The meeting was held at the Methodist Mission Home in San Antonio, which offers a transitional living skills and vocational readiness program for young adults who are Deaf, hard of hearing, or have other disabilities.  Director Jennifer Sample told about the organization's history and current services.  Bishop Jim Dorff of the Southwest Texas Annual Conference also greeted the Committee as did the Rev. Randall Hilburn from the conference committee on Deaf and hard of hearing ministries.

15 members of the DHM committee wearing their white committee shirts
Members attending the 2012 DHM Committee meeting

The DHM Committee is planning a Deaf Mission trip to Kenya, to be coordinated with attendance at the World Deaf Methodist Federation conference in August 2013.  Members will expand on contacts made in 2011 at several schools for children who are Deaf or have disabilities. 

A Committee work group is developing video training for Deaf persons who want to be counselors at camp and for camp deans who want to include campers who are Deaf and hard of hearing.  The videos will include simulated situations, and have ASL and voice narration along with open captioning.  The ASL on video format will also be used on the DHM web site for monthly devotionals written by people who are Deaf and hard of hearing.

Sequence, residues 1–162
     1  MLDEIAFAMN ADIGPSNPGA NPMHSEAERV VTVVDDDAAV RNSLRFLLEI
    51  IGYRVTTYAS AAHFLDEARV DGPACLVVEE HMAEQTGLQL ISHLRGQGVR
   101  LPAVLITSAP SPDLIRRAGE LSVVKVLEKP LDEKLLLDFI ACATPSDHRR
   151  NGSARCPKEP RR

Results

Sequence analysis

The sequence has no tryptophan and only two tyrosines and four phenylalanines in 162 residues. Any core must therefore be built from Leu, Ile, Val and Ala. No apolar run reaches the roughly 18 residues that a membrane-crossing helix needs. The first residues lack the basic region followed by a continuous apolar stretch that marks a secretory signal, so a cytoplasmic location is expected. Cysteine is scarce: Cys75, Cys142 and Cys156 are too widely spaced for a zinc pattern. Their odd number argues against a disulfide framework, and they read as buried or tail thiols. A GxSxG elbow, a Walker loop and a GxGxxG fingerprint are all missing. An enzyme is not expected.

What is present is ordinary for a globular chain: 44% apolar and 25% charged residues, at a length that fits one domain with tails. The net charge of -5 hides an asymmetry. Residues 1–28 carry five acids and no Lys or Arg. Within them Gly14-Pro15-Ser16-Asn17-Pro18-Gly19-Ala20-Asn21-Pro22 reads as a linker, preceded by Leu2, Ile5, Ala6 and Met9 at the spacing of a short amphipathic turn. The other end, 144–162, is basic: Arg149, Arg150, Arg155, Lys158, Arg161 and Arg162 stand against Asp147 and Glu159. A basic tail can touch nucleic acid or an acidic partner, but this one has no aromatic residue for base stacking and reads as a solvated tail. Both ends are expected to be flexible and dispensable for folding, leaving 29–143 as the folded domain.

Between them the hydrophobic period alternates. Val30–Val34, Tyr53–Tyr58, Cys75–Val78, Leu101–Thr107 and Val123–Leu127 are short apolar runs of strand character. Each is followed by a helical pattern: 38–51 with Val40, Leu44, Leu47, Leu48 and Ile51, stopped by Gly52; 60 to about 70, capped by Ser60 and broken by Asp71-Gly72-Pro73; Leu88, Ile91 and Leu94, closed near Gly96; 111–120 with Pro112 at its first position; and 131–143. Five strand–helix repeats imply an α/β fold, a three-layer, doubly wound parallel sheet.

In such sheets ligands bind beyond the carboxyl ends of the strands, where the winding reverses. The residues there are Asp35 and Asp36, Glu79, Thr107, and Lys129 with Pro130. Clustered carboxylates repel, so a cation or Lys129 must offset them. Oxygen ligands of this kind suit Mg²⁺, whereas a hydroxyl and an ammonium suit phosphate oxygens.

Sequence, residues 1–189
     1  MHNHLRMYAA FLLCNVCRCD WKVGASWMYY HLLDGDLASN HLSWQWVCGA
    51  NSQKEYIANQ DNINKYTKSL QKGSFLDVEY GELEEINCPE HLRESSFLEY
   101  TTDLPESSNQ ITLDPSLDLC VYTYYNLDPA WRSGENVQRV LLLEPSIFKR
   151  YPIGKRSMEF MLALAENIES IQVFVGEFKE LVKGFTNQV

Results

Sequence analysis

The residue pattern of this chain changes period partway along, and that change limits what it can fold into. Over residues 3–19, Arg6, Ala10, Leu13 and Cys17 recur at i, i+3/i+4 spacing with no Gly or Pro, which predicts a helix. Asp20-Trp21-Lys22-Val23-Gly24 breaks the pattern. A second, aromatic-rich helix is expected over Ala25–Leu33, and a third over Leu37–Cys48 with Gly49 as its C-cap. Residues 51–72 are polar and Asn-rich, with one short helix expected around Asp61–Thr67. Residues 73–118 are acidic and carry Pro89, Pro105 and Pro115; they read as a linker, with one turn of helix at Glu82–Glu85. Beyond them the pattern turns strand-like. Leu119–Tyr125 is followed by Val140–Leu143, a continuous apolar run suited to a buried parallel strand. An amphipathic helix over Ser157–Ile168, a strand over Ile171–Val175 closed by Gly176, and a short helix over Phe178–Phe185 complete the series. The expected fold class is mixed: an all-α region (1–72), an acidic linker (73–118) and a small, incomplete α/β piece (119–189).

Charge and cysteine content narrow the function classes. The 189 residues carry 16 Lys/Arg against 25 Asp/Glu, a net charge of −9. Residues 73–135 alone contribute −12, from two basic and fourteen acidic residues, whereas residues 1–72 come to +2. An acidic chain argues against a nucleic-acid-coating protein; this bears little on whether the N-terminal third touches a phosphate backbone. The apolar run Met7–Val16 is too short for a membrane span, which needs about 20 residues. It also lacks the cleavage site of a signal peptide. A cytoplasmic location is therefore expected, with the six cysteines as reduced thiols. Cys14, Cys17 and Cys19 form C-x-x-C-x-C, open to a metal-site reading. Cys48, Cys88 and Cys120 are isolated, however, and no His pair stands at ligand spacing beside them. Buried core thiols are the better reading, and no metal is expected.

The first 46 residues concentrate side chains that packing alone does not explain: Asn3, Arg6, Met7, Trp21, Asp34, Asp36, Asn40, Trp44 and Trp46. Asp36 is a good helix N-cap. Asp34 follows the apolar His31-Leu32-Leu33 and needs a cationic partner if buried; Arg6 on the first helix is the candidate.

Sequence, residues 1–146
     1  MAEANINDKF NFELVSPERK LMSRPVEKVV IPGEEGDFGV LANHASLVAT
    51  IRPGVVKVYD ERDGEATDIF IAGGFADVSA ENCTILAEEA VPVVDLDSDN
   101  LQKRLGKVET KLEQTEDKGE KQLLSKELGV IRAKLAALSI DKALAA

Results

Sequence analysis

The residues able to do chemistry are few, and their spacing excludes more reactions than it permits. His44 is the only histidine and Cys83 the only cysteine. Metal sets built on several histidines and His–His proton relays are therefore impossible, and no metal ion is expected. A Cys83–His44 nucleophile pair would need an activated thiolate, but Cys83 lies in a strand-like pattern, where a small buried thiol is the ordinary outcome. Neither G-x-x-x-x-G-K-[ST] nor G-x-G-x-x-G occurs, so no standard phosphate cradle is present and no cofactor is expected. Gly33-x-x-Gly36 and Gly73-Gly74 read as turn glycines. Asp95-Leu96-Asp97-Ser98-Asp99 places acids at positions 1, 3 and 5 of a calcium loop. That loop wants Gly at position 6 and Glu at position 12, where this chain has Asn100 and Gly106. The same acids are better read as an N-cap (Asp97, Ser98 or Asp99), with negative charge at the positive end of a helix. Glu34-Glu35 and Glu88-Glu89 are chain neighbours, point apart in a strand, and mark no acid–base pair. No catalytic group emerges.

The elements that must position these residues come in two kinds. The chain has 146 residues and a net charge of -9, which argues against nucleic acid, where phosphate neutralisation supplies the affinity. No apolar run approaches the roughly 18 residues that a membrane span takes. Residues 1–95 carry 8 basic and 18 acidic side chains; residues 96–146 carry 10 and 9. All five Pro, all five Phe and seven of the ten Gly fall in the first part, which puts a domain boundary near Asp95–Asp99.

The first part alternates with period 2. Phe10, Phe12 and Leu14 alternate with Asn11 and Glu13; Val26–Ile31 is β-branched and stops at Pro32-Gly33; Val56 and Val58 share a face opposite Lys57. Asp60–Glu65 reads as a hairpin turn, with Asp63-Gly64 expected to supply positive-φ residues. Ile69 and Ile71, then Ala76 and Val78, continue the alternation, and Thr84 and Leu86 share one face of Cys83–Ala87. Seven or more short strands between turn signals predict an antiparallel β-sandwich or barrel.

Because many Deaf churches are small and do not have Deaf pastors, Committee members see a great need for lay speaking training that is interpreted or preferably offered by pastors who are fluent in sign language.  Hiring interpreters is costly, and simply providing an interpreter does not make a presentation Deaf-friendly.  It helps to have more visual content, including projected photos and captioned videos, and more interactional activities such as skits.  The training may need to be offered on a jurisdictional basis or through live video connections.